Tuesday, 16 August 2011

Joint Review: The Midwich Cuckoos

Once again I welcome my guest reviewer, Sarah who this month is looking at a classic spooky story...actually, after reading her review I was so intrigued I borrowed her copy and started reading it myself! As such I've added a little commentary to Sarah's review...so the italics are my thoughts.

The Midwich Cuckoos
- John Wyndham

Publisher: UK - Penguin Books

Aliens land in an isolated British village and impregnate all of the women. Nine months later strange children with glowing eyes and intense intelligence "Midwich Cuckoos," emerge to undertake the conquest of the world

Hello once again fellow Mel-followers!  Now, you know I am definitely a fantasy girl, but I must admit I have a deep affection for all things John Wyndham.  My favourite of his is The Kraken Wakes (a must-read), and so it was inevitable that I'd eventually get round to reading The Midwich Cuckoos. 
<I've read Day of the Triffids and The Chyrsalids and enjoyed both. I think John Wyndham is one of those writers I keep forgetting about! I must read more of his books...>

The story is told by Richard Gayford, an unusual narrator as he is often not at the centre of the action, so tells the story chronologically, but often in hindsight.  The story concerns an insular, nodescript village into which an alien race simultaneously impregnates every woman (by design? in desperation?).  The children, when they arrive, are very different and soon set the village, and eventually the world, in turmoil.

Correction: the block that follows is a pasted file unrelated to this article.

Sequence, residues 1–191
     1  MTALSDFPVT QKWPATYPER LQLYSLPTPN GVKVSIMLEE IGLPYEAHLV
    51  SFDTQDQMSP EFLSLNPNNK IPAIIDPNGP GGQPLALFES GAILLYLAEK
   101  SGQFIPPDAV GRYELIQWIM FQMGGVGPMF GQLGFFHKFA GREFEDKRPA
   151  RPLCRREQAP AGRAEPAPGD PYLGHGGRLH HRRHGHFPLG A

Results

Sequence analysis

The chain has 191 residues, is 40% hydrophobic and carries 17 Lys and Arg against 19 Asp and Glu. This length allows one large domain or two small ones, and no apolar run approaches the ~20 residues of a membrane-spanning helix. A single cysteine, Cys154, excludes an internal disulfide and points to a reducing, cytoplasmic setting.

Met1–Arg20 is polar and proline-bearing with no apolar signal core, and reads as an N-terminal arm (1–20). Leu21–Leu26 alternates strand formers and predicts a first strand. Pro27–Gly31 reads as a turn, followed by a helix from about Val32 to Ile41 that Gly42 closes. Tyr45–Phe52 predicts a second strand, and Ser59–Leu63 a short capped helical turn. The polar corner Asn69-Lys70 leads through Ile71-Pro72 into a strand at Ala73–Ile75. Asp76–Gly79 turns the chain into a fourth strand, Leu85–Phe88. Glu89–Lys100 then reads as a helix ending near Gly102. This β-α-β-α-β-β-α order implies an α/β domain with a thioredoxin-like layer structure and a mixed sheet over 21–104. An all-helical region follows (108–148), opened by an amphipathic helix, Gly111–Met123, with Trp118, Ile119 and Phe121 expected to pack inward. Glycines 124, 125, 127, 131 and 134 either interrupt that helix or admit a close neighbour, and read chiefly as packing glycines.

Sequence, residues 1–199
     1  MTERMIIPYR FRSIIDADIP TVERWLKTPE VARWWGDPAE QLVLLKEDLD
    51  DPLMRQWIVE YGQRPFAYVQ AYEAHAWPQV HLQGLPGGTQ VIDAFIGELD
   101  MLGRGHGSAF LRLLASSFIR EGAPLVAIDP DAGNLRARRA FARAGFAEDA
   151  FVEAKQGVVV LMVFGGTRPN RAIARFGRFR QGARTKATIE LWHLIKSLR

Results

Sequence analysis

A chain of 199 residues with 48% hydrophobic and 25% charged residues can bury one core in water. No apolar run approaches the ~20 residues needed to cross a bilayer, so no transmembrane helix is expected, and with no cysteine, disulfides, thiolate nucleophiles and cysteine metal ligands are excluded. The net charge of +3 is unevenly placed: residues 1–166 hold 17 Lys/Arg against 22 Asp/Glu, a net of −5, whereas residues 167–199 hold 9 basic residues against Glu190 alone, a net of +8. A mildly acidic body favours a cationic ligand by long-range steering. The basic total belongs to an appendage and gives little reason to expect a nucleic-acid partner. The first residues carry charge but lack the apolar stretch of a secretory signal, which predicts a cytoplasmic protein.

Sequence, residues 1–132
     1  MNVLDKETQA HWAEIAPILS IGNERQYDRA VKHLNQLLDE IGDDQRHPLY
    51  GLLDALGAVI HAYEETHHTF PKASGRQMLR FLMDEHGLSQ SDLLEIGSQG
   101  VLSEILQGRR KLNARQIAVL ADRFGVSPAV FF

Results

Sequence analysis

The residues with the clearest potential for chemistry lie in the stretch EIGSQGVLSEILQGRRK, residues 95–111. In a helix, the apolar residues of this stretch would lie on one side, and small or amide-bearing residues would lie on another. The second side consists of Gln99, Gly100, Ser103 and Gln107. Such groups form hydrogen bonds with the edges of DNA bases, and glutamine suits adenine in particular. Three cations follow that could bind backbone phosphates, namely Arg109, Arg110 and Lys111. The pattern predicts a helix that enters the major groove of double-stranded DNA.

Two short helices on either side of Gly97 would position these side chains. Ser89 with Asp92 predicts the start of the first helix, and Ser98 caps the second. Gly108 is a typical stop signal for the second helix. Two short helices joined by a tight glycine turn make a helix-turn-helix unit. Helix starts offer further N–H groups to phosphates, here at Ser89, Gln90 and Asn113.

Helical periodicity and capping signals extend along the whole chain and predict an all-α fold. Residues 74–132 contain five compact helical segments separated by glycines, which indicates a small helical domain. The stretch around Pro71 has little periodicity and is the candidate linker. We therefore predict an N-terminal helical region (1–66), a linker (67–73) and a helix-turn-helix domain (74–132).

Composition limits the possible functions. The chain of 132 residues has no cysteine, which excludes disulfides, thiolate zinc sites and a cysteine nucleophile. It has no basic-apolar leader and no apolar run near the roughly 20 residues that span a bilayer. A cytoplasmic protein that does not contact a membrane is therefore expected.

<The village sounds like a very quiet place - something both the locals and government seem determined to keep that way even after the incredible events that occur. It reminded me a number of a number of villages in the UK. The normailty of the village does make an interesting counter-point to the strange events that occur during the Dayout.>

What I love most about Wyndham's books, are even though they were written several decades ago, they do not really age - the stories could just as easily fit into our world as they could when they were conceived.  Yes, this story is a bit 'gappy' in places, and relatively simply concluded, but there are definite moments of menace and Wyndham is, as ever, thoroughly thought-provoking.  If you've never read a Wyndham book I wouldn't start here, but it's definitely a book to get round to.  Easily consumed in a day! 
<The slow pace adds to the atmosphere. There is a lot of talking, rather than action as you think about how to treat someone so different from 'everyone' else but yet still looks so human. Why do the children scare people so much? It is very creepy and while I agree the resolution was simple enough - it was the only way it truly could end.>

One for all fantasy and sci-fi readers, 8 out of 10.
<Recommended for fans of HG Wells and Margaret Atwood. 8 out of 10>


  1. Hi Sarah :)
    I like this joint review, even if it was not mean to be one ;)

    But that cover is just so very bad

  2. Yep - a terrible cover. Took me ages to figure out the relevance of the illustration to the story as well!

  3. Review hog Mel, lol :-) Yes, cover isn't inspiring really, is it????

  4. Oh I like the double review. Fun!

    Oh this does sound deliciously creepy. I will have to check this one out!